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Wednesday, July 1, 2009

Medovyi pirog - Russian Honey Cake

For my Russian culture class, we had FOOD DAY today! (I have been looking forward to this day for months!) We were instructed to bring in anything we liked as long as it was actually Russian. I made медовый пирог (pronounced medovyi pirog... kind of) or, honey cake. It takes a while just because the process requires some cooling periods, etc, but it's really not that hard. I tried to include pictures all the way through because there are times when you wont think it looks like there's any force on this planet that could make it look the way it should in the end, but it will.

Cake -
2 eggs
3/4 c. sugar
1 t. baking soda
1 T. honey (warm)
7 T. butter
2 c. flour

Filling and Icing -
3 1/4 c. sour cream (about 720 g)
1/2 c. sugar (it's to taste, but it comes out to about 1/2 c. Too much and it loses it's tanginess)
1 T. honey
ground/finely chopped walnuts
crushed plain sweet biscuit crumbs*

1. Beat eggs and sugar together well. Add soda and honey.
2. Melt butter in a medium saucepan. Add the eggs/sugar mixture. (Don't let butter burn.)
3. Turn the saucepan to low, add the flour while mixing. Mix until smooth. (It will be very thick and hard to stir.) Remove from heat and allow to cool. It will look like there's no way on earth you will be able to "dip" the dough in anything, but it's actually much more
formed than it looks.

4. Preheat oven to 355 F.
5. Dip the dough in flour, divide, roll each layer
very thin (conversions from metric say .02-.04 of an inch). see picture at left

6. Cut circles as round as possible, about 7 inches in diameter. (I used my 6-inch spring-form pan frame to do this.) Bake on parchment or wax paper-covered cookie sheets for 2-4 minutes. (Watch the first couple carefully to see how your oven does it.) see picture at left
7. Cool completely before assembling.

8. Beat sour cream, sugar, and honey until the sugar dissolves. The mixture will be fairly liquid.
9. Coat each layer with a generous layer of cream. Assemble the cake, coat the finished assembly with cream and sprinkle top and sides with crumbs and walnuts. Allow to set at least 6 hours before eating.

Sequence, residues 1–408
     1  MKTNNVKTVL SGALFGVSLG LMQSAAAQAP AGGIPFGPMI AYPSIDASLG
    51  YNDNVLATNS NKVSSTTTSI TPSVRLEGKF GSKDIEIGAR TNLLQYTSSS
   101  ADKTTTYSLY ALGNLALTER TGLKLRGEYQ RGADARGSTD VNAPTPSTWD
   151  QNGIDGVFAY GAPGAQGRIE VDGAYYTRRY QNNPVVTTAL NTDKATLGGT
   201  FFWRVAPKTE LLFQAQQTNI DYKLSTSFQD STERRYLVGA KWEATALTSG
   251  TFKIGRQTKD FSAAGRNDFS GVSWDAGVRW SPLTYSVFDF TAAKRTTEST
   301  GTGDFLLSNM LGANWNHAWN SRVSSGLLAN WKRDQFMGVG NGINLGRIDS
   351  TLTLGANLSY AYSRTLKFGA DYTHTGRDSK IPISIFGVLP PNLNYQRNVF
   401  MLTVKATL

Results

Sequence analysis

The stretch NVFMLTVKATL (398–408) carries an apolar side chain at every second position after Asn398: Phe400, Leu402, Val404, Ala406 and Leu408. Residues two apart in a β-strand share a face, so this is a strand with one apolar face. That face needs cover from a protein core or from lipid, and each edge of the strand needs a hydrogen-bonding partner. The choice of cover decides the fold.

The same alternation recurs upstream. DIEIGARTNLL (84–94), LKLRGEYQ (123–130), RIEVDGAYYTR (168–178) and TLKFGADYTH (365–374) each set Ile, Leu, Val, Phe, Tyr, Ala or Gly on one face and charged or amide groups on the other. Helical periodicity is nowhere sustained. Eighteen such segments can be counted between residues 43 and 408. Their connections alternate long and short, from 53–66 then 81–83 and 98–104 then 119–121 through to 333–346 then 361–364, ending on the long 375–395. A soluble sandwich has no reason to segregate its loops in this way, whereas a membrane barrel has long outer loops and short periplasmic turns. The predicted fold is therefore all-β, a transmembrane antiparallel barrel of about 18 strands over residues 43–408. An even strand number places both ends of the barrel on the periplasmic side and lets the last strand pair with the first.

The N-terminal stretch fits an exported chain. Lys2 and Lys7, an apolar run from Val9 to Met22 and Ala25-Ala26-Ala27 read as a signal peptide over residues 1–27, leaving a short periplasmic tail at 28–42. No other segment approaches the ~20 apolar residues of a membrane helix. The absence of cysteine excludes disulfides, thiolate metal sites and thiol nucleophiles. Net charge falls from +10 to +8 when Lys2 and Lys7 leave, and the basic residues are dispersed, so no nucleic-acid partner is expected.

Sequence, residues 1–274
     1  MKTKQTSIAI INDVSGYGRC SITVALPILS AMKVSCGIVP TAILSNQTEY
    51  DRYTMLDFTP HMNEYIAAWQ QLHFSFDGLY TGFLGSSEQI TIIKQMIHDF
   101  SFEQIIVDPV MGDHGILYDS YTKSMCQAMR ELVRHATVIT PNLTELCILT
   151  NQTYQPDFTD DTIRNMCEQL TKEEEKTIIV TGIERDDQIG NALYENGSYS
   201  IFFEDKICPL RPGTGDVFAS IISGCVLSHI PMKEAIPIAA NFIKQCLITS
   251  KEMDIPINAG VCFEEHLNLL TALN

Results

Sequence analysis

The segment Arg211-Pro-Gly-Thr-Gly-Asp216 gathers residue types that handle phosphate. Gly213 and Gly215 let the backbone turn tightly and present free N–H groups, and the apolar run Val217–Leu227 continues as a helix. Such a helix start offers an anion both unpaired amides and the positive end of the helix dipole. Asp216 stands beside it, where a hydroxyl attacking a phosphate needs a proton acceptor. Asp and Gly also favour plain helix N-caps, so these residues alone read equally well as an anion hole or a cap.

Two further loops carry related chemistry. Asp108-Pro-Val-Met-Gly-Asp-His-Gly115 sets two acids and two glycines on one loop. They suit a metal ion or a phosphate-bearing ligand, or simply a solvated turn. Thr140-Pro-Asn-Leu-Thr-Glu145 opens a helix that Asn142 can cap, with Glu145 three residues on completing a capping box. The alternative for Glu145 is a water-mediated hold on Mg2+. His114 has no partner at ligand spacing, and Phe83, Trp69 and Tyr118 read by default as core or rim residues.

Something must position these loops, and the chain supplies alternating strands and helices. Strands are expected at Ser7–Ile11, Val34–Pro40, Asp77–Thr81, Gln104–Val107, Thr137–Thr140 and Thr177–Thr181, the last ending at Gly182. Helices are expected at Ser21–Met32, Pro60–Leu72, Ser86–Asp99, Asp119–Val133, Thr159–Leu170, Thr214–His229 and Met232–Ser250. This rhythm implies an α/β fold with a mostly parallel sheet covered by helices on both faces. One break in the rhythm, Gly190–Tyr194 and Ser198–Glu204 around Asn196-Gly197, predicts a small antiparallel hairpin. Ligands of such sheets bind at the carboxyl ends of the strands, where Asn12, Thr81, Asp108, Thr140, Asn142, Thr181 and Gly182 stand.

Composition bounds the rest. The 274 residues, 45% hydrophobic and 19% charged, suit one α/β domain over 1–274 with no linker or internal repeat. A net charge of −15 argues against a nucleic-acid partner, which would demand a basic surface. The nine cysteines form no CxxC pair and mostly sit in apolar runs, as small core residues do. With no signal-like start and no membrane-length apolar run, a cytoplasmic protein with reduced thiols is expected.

Ta-da! It looks extremely Russian on my blue-and-white plates too! (And you all thought that was strictly a Dutch thing.) Everyone loved it! It has a great balance between tangy and sweet. The Russians love sour cream, and this cake is a testimony to how talented they are with it.

*About the crumbs, I am fairly certain that
whoever translated this either was British or learned British English as opposed to American, which means I wasn't entirely sure what they meant by "sweet biscuit crumbs." I thought they might mean cookies, like Nilla waffers, which would probably work, but frankly, I was too cheap to buy Nilla waffers for the sake of a cake that I knew would taste excellent with just a TON of nuts on top, and it was already too hot in my house to bother baking "sweet biscuits." So I scrapped it.


ML said...

That looks and sounds delicious!

Olga Paulescu said...

Hello, I found this recipe today and wanted to comment about the sweet buscuits crumbs. It's actually the left over crumbs from the layers you use for the cake. Most of the time the case is made into a rectangular shape, so you cut the enges off and get some leftovers that you make into crumbs. That is what you use to "stick" to the outside of the cake. So next time try using one of the layers for the cake. It's actually very tasty that way. Great photos along with the recipe. I bet it tasted very good.


Mal said...

Thank you Olga! That's good to know. I had never seen this cake before, so I hadn't any idea it was made rectangularly. I'll give that a try.

Sana Hurzuk said...

I had this cake over a year ago for the first time and have been wanting to make it ever since. The first time I googled, I got just two links. But now there are so many;that too with pictures!! Thank you!